Our phone entry point is at one end of the relatively narrow central hallway of the house, with the computer in the far corner of a room at the other end, and I can only assume that the angles and mass of intervening brickwork is what is obstructing the progress of the wave pattern from the Hub. So I can readily imagine that upstairs/downstairs mixes could prove similarly problematic - and there's enough out on the net to suggest that's very much the case.

 

So, in summary, after some 2 weeks or so, I have a much faster download speed than hitherto - but have only been able to get it to where I want and need it by buying and using a pair of additional adapters, owing to the limitation placed on where the critical Modem could be fitted .... the bit of information I didn't have when starting on the upgrade.

 

(PS: the adapters have to be 'paired.' Passing on a tip I found online, this is most easily done by fitting them to two easily accessible, adjacent power points before putting them in their operational locations, something that Sod's law dictates may involve bumped heads in awkward spaces!)

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Ian, what a terrible and frustrating experience for you. I hate it when I have technical problems - currently having weekly visits from the boiler man.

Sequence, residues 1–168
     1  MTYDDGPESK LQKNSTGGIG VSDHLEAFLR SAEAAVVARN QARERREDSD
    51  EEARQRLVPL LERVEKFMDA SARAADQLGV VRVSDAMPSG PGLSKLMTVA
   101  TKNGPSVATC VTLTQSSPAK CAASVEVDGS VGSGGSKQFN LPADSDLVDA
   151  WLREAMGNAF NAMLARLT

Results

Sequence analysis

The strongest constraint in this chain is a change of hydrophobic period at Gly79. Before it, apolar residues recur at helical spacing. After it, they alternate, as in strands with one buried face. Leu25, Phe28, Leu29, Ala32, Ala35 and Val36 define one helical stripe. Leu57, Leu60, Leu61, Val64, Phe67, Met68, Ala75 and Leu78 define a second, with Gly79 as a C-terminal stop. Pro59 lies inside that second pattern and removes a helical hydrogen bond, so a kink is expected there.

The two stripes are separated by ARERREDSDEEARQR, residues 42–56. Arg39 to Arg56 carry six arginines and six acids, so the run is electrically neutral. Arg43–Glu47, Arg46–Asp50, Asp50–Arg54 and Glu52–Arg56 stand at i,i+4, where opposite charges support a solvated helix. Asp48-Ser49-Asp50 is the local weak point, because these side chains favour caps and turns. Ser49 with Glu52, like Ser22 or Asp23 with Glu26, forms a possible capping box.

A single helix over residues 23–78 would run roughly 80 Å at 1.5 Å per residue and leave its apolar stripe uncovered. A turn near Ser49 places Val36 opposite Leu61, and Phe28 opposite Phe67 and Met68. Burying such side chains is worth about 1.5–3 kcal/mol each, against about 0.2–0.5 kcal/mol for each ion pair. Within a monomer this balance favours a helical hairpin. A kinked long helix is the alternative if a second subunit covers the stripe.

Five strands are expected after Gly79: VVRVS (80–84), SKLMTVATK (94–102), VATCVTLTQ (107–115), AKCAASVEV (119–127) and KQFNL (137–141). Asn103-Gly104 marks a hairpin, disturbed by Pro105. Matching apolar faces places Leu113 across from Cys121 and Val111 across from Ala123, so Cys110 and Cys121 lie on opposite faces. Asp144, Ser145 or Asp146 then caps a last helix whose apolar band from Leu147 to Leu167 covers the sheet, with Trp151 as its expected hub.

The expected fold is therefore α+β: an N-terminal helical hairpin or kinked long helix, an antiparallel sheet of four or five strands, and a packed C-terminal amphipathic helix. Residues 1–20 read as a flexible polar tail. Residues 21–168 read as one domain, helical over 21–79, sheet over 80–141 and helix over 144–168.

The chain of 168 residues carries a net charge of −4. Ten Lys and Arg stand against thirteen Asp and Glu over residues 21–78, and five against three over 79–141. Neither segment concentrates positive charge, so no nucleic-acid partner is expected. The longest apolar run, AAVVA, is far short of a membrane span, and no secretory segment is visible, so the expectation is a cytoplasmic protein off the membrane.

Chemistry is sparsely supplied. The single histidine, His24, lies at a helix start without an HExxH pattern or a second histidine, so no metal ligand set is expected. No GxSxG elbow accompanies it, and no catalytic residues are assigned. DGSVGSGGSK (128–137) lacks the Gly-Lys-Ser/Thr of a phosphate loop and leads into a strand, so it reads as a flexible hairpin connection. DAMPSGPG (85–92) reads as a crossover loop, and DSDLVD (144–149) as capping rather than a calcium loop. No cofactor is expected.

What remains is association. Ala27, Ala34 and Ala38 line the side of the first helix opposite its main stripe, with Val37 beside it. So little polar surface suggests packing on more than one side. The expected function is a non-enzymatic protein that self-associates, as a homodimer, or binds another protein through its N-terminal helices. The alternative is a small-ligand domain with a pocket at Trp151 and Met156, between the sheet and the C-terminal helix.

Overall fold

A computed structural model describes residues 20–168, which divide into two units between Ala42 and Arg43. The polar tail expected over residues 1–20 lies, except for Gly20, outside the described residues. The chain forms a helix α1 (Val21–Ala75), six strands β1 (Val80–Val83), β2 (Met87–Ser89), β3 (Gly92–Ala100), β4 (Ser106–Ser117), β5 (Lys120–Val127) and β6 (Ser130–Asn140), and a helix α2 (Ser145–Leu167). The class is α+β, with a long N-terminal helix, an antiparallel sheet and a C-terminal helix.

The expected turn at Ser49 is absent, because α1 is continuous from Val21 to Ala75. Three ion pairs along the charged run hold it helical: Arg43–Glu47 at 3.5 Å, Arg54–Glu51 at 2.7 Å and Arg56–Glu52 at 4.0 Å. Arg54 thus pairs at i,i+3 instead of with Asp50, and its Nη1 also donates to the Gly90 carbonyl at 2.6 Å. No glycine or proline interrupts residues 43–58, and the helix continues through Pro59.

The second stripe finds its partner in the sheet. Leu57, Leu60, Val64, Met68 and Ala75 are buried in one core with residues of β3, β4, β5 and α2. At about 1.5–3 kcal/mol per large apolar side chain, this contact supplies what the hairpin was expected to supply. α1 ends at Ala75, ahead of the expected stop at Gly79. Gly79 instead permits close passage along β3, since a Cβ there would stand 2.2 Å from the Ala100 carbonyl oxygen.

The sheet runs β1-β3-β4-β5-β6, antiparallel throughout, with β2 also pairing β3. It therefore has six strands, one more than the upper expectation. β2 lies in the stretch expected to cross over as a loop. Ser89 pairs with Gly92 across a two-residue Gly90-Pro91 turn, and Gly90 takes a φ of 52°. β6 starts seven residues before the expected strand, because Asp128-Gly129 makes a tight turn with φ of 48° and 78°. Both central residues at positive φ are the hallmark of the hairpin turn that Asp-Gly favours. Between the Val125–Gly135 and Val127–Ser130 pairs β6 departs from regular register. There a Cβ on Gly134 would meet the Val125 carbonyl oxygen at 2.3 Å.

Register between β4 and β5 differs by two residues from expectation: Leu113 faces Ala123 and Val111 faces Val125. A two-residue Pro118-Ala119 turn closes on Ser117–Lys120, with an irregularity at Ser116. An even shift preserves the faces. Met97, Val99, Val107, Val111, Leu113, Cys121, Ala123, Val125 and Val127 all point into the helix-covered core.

I have to say we were lucky with our Infinity upgrade as the engineer put a new phone point in our study next to the computer and we connected it to our desk top with an Ethernet. On wifi, the signal is OK but does start to tail off at the bottom of our 70 ft long garden :) sympathy ......

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Fortunately, my existing home hub is connected to the main entry point of my phone line. Unfortunately, although my local exchange is already set up for BT Infinity I am not yet able to get this service in my street. No clear reason was given why when I applied for an upgrade, but I suspect it may be something to do with the cabling in the area.

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Thanks to one and all for your kind words, but another wrinkle emerged today: the scan function on my printer was showing "No printer connected" when one was, and with the basic print function OK. I think all the recent disconnections and reconnections had left it in a state of acute dismay - but after an Uninstall/Reinstall session, all is OK on that again.

 

Ribbons: I'm impressed that your engineer put in a new main entry point - not an option offered to me, I fear.

 

Wulff: When BT can give you Infinity, be assured that they'll tell you, with monthly reminder letters thereafter until you succumb!

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Just to say that we also have BT Infinity, get incredible speeds (depending of course on time of day) of over 65Mbps download and 13Mbps upload. The only problem we had was a faulty router, and we had that replaced very quickly.